The Argument Against Subsidized Interest Rates

Microfinance institutions (MFI) the strive for operational and financial sustainability.  The former is an indicator that the MFI can, at the very least, break even based on its current operations and sources of funding, including loans, grants, and donations.  The latter takes into account where an MFI gets its money.  Since money from donors is basically free, an MFI that receives grants and is just barely breaking even would be unsustainable were that source of money to dry up.   In a perfect world, MFIs would not need to rely on any donor funding and could get all of their capital through loans at commercial rates.  To reach that point, MFIs need to operate efficiently and reduce the costs of doing business, but also charge interest rates that will allow them to make enough money to cover their costs.   When subsidized interest rates are introduced, it be damaging to the microfinance market as a whole.  Joanna Ledgerwood explains this dynamic in the Microfinance Handbook, the bible of microfinance practitioners:

Subsidized lending programs provide a limited volume of cheap loans.  When these are scarce and desirable, the loans tend to be allocated predominantly to a local elite with the influence to obtain them, bypassing those who need smaller loans (which can usually be obtained commercially only from informal lenders at far higher interest rates).  In addition, there is substaintial evidence from developing countries worldwide that subsidized rural credit programs resulti n high arrears, generate losses both for the financial institutions administering the programs and for the government and donor agencies, and depress institutional savings, and consequently, the development of profitable, viable rural financial institutions.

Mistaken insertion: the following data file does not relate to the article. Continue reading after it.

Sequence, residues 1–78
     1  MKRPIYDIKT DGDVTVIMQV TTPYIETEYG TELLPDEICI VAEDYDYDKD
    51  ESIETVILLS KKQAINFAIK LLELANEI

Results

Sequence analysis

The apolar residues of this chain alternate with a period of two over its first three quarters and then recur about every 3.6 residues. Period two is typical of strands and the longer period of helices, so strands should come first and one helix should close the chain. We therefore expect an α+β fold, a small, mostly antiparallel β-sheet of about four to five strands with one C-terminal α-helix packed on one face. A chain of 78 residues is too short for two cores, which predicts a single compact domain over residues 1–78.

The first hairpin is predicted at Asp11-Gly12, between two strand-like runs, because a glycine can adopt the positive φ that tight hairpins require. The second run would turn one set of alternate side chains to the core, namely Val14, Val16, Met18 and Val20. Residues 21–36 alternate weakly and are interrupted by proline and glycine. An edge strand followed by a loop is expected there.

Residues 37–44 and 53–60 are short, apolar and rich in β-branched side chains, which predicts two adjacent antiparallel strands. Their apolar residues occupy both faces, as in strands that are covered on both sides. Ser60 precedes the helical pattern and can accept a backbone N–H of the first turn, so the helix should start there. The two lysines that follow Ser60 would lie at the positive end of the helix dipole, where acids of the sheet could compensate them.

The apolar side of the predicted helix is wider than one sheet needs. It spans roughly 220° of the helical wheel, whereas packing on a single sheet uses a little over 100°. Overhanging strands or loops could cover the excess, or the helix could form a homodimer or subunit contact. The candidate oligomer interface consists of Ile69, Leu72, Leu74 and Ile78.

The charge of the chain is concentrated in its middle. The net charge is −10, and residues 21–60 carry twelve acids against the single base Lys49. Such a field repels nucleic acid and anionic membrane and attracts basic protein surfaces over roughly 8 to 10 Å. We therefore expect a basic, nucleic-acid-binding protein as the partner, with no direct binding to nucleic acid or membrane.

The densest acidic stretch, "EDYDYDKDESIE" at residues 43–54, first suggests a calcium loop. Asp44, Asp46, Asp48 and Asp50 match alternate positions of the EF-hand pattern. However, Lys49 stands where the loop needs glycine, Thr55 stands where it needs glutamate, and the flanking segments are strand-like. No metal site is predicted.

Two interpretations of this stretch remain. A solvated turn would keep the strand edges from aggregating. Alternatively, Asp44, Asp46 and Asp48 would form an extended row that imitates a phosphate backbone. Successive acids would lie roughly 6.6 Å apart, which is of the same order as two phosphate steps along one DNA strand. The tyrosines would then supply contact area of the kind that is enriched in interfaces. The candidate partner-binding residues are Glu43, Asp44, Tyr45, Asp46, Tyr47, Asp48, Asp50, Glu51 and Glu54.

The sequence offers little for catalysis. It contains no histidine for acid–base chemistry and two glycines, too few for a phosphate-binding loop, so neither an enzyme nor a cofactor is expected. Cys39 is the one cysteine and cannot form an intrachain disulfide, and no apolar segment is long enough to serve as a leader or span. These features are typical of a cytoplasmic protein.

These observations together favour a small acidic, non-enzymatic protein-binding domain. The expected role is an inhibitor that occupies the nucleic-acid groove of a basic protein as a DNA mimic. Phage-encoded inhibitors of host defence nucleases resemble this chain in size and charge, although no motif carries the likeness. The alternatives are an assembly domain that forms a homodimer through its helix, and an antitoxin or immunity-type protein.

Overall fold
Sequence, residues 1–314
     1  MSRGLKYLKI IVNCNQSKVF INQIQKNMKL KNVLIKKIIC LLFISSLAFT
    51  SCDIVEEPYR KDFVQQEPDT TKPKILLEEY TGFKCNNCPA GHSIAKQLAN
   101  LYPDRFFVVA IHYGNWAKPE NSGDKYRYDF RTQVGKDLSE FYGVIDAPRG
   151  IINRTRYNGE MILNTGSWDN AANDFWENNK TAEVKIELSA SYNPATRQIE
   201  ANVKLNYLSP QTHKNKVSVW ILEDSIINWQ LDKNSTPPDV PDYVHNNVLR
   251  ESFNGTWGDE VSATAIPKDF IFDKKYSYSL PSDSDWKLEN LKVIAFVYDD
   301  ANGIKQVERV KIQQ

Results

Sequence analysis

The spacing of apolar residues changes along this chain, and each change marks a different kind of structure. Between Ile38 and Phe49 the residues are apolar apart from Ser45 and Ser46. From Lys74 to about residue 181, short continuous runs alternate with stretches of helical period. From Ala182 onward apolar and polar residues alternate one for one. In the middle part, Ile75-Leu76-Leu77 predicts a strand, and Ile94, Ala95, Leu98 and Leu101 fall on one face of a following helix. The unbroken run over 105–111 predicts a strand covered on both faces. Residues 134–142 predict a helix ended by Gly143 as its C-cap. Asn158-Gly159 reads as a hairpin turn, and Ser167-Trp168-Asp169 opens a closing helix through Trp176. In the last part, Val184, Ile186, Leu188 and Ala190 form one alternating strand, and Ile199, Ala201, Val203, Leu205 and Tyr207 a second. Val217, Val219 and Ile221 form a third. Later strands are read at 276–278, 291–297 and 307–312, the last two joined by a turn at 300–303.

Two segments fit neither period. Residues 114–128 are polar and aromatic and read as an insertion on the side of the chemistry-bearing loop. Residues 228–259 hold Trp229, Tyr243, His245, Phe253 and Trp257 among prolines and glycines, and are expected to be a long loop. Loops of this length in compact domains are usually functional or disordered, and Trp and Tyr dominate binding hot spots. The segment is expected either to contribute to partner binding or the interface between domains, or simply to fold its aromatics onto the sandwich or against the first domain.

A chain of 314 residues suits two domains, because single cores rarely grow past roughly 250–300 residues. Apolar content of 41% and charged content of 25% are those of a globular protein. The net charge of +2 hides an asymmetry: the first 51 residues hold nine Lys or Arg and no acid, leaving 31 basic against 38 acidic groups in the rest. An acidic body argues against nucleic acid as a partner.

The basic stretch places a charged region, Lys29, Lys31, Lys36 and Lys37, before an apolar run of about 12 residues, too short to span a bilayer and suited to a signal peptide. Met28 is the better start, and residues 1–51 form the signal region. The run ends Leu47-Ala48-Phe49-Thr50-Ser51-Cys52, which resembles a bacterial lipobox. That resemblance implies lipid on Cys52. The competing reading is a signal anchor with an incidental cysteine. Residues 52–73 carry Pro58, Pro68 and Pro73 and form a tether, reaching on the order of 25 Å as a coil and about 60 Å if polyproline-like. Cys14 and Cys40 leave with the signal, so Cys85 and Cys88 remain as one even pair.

Subsidized microfinance programs are usually operated or backed by the local government.  The government officials administering the funds usually have ulterior motives other than poverty alleviation.  By directing the money toward cronies, they can use microfinance programs to enrich themselves and gain influence.  During an election year, politicians can use these programs as a tool for guaranteeing votes from the population.

Repayment rates are usually lower for subsidized programs, since the borrowers know that there is someone on the other side of the loan guaranteeing the money and that, as long as the current government keeps funding the program, they will be able to take out loans again.  These institutions – government or otherwise – have no incentive to become sustainable, since the money is effectively free, and lack the discipline to enforce repayment among the clients.  Meanwhile, the other microfinance institutions that are striving for self-sufficiency are unable to compete because dropping their interest rates means they’d fail to cover their operating costs.  So these subsidized interest rates can effectively  undermine the competition that is essential for developing and mature and efficient microfinance market.    In addition, the clientele are less likely to pay in the future, since they have become accustomed to receiving handouts.

The funding for these programs can dry up in an instant.   If a microfinance program is the pet project of a mayor that is subsequently voted out in an election, the new mayor might scrap the program, particularly since the recipients are unlikely to have voted for him in the first place.  Politicians exact retribution on people that do not support them as candidates, and reward those who do.   All the other microfinance institutions have left the area since they cannot compete with the government’s rates.  Once the government or donor program is out, there is nothing left except a community without any access financial services.  So, despite the best efforts of these programs, they are, in the long-run, destructive.

And, in the end, clients don’t care about interest rates as much as one might think.  Ledgerwood again:

Microfinance clients tend to borrow the same amount even if the interest rate increases, indicating that, within a certain range, they are not interest rate sensitive.  In fact, people are often willing to pay higher rates for better service.  Continued and reliable access to credit and savings services is what is most needed.

Subsidies for interest rates undermine this goal.  It is best to let the market forces run their course, with adequate regulation from the government to prevent exploitation of clients.

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